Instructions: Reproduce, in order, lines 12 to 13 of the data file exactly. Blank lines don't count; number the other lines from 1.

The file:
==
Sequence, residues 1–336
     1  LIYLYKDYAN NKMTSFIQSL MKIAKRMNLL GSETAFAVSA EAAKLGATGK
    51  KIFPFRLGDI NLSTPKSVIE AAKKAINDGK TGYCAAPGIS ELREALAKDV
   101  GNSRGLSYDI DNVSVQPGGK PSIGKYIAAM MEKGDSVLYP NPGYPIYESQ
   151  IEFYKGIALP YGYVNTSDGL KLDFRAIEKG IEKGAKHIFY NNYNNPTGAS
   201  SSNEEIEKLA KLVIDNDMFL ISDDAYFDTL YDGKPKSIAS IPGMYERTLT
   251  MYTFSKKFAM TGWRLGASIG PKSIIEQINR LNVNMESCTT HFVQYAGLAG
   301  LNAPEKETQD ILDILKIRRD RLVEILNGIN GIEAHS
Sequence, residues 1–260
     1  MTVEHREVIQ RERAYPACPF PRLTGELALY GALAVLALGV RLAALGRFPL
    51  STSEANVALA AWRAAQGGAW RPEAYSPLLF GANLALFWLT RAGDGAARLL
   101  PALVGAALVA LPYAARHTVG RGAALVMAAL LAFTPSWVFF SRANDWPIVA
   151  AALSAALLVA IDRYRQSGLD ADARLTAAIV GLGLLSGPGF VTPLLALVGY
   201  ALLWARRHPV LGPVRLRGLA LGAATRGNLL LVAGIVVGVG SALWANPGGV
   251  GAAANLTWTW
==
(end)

   101  PALVGAALVA LPYAARHTVG RGAALVMAAL LAFTPSWVFF SRANDWPIVA
   151  AALSAALLVA IDRYRQSGLD ADARLTAAIV GLGLLSGPGF VTPLLALVGY